He noted that the slow pace of economic emancipation and development, and the continual drop in the value of the Ghana Cedi could largely be associated with being over-dependent on foreign goods and services, which might not give any hope to the quest for economic independence and Ghana beyond Aid.
Mr Kwaw Ansah who chaired the inaugural lecture of the Maiden, “Esther Ocloo Memorial Lecture on African Entrepreneurship” suggested that the country emulated the shining African Heroine who turned numerous raw materials into finished goods.
“We urgently need to think along this line of industrialisation as a key panacea for restoring the continual fall of the cedi and the Ghanaian Economy,” he added.
Entrepreneur Esther Ocloo of blessed memory and the patent owner of the Nkulenu Brand was known in Africa and the World for her proven business successes in the area of manufacturing and banking.
After college, the late Esther Ocloo traded in simple marmalade she learnt from a home economics class to make ends meet in the streets of Accra.
The news of an Achimota girl selling on the streets of Accra reached the authorities of the Achimota College who later gave her a contract to supply the school.
She later secured a contract to supply the West African Frontier and that began her journey to world-class recognised business and manufacturing sprung after further studies in England.
The Nkulenu Industries Limited is 80 years this year.
Mrs Kosi Yankey -Ayeh, the Chief Executive Officer of the Ghana Enterprise Agency called for the need to highlight the achievement of great entrepreneurs in the country to inspire the present generation to venture into such areas to grow the economy.
She said the government was ready to assist interested and budding businesses to reach their full potential.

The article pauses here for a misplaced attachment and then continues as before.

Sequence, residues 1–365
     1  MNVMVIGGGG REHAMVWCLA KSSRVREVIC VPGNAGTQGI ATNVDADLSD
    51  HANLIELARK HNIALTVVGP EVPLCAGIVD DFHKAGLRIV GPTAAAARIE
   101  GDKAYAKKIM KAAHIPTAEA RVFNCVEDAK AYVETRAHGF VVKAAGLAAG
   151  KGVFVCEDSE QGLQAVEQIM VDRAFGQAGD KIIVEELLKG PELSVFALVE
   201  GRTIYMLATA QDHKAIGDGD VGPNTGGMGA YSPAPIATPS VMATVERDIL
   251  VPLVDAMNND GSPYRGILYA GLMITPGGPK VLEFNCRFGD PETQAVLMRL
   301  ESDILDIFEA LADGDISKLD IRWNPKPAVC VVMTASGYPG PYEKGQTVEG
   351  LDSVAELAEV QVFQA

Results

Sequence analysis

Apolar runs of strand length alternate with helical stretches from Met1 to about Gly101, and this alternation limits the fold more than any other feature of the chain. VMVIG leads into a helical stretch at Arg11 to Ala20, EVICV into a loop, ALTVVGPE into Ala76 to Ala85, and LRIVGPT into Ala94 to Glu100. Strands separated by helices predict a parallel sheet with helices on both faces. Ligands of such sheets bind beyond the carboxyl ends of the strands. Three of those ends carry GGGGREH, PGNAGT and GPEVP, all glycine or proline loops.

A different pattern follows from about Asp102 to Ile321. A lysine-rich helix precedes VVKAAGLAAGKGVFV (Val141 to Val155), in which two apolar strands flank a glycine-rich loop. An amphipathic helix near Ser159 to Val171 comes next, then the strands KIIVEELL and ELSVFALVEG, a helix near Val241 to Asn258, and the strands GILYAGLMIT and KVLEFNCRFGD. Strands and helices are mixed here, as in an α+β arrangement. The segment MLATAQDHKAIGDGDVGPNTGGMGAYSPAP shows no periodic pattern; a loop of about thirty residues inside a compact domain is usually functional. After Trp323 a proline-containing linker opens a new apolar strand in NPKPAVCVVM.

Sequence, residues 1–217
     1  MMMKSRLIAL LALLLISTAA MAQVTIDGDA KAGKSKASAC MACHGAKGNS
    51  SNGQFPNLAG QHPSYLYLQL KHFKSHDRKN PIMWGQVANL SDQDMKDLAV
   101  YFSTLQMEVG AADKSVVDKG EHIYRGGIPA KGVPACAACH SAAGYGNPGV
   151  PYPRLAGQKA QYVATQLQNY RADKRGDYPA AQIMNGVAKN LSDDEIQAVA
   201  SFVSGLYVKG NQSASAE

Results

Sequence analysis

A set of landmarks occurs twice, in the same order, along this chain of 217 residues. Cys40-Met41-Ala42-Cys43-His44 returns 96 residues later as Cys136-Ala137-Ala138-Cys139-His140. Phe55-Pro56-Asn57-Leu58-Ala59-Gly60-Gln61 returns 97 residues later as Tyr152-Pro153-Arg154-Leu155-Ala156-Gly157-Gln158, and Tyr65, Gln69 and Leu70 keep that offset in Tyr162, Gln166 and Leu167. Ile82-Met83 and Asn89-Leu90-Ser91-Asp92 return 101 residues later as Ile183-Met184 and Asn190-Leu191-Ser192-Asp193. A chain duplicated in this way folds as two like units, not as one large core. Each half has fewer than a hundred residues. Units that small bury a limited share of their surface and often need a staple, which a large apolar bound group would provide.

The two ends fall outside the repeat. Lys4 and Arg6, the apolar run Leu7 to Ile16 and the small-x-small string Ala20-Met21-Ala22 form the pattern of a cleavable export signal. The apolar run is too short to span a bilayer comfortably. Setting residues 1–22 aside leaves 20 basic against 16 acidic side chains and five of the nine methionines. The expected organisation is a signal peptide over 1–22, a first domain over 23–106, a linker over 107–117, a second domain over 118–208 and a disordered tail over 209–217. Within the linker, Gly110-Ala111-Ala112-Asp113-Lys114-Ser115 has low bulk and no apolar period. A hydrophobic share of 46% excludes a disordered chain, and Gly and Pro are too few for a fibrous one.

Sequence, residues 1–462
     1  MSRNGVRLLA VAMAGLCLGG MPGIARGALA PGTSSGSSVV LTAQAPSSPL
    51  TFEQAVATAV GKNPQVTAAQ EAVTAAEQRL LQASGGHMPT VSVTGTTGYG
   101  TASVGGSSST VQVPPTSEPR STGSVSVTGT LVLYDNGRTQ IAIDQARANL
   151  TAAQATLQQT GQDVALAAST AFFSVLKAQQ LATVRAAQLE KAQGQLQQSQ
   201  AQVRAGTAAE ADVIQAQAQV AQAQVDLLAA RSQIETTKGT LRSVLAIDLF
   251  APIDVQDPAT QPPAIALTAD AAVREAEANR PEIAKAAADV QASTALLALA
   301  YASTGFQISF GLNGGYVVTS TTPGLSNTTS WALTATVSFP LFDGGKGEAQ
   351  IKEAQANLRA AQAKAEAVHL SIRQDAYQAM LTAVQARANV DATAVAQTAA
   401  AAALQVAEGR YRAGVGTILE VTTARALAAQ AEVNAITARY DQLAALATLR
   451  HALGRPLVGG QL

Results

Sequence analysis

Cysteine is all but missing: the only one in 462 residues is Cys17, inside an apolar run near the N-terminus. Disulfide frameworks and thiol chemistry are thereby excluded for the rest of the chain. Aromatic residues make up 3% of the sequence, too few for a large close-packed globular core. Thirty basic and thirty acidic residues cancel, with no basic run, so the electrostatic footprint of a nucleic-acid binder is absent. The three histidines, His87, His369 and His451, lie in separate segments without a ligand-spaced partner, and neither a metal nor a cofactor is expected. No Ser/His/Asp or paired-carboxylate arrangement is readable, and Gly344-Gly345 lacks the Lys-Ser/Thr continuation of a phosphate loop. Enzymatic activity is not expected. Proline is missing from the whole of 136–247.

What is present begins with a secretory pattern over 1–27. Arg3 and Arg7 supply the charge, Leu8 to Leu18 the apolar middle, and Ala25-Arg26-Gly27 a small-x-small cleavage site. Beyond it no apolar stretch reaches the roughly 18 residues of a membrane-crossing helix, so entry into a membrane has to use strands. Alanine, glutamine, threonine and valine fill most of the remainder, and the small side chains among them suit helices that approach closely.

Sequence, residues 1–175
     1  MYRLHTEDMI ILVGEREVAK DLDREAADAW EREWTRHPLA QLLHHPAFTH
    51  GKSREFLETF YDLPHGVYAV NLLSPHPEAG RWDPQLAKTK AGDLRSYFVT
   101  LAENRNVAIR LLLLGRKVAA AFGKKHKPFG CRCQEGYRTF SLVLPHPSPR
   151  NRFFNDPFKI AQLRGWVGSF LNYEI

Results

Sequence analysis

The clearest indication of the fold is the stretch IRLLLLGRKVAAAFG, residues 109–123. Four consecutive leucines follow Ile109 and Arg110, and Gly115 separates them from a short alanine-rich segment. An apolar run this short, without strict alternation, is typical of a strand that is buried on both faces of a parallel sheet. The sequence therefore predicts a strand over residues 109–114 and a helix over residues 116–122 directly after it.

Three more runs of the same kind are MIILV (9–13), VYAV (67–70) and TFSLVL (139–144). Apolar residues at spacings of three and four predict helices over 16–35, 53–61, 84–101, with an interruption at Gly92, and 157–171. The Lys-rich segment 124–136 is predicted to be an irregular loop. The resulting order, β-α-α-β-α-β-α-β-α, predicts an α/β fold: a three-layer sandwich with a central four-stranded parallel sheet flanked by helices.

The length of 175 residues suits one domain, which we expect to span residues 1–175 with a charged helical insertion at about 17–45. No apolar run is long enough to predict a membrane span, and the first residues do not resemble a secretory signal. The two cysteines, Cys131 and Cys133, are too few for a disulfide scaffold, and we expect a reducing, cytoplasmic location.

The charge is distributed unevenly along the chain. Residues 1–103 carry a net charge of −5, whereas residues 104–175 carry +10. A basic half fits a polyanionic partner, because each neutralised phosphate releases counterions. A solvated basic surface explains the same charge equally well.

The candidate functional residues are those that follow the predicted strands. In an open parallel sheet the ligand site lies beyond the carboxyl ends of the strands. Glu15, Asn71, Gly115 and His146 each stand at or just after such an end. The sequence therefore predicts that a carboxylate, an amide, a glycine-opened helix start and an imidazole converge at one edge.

The government, she noted, had supported many businesses to bounce back from the COVID-19 shock intervention that had resuscitated many falling businesses.
Dr Charlotte Oduro Yeboah, the Director of the Food and Research at the Council for Scientific and Industrial Research noted the readiness of the Council to help Ghanaian manufacturers to do the right things to be able to compete in the international market
She said the Council had in place training programmes for individuals and groups to take advantage of.
Mr Steven Ocloo, the Managing Director of Nkulenu Industries and Son of Esther Ocloo touted how inspirational her mother had been to many generations of business owners.
He noted how her mother did not allow her humble background to defeat her life purposes and goals and perseverance had made her a global giant in the business.
Nkulenu was the first company to put jollof rice, ground nut soup, beans in dzomi, kontomire stew and Palm cream for soups in cans and Palm wines in bottles.
The company, which started with two employees in 1942, has grown into a company with a direct workforce of 100 workers.
Mr Ocloo described her mother as a noble icon and captain of industry …” she is a woman who began with nothing but has become a beacon of hope for all particularly who make great strides beginning from the village to the world.”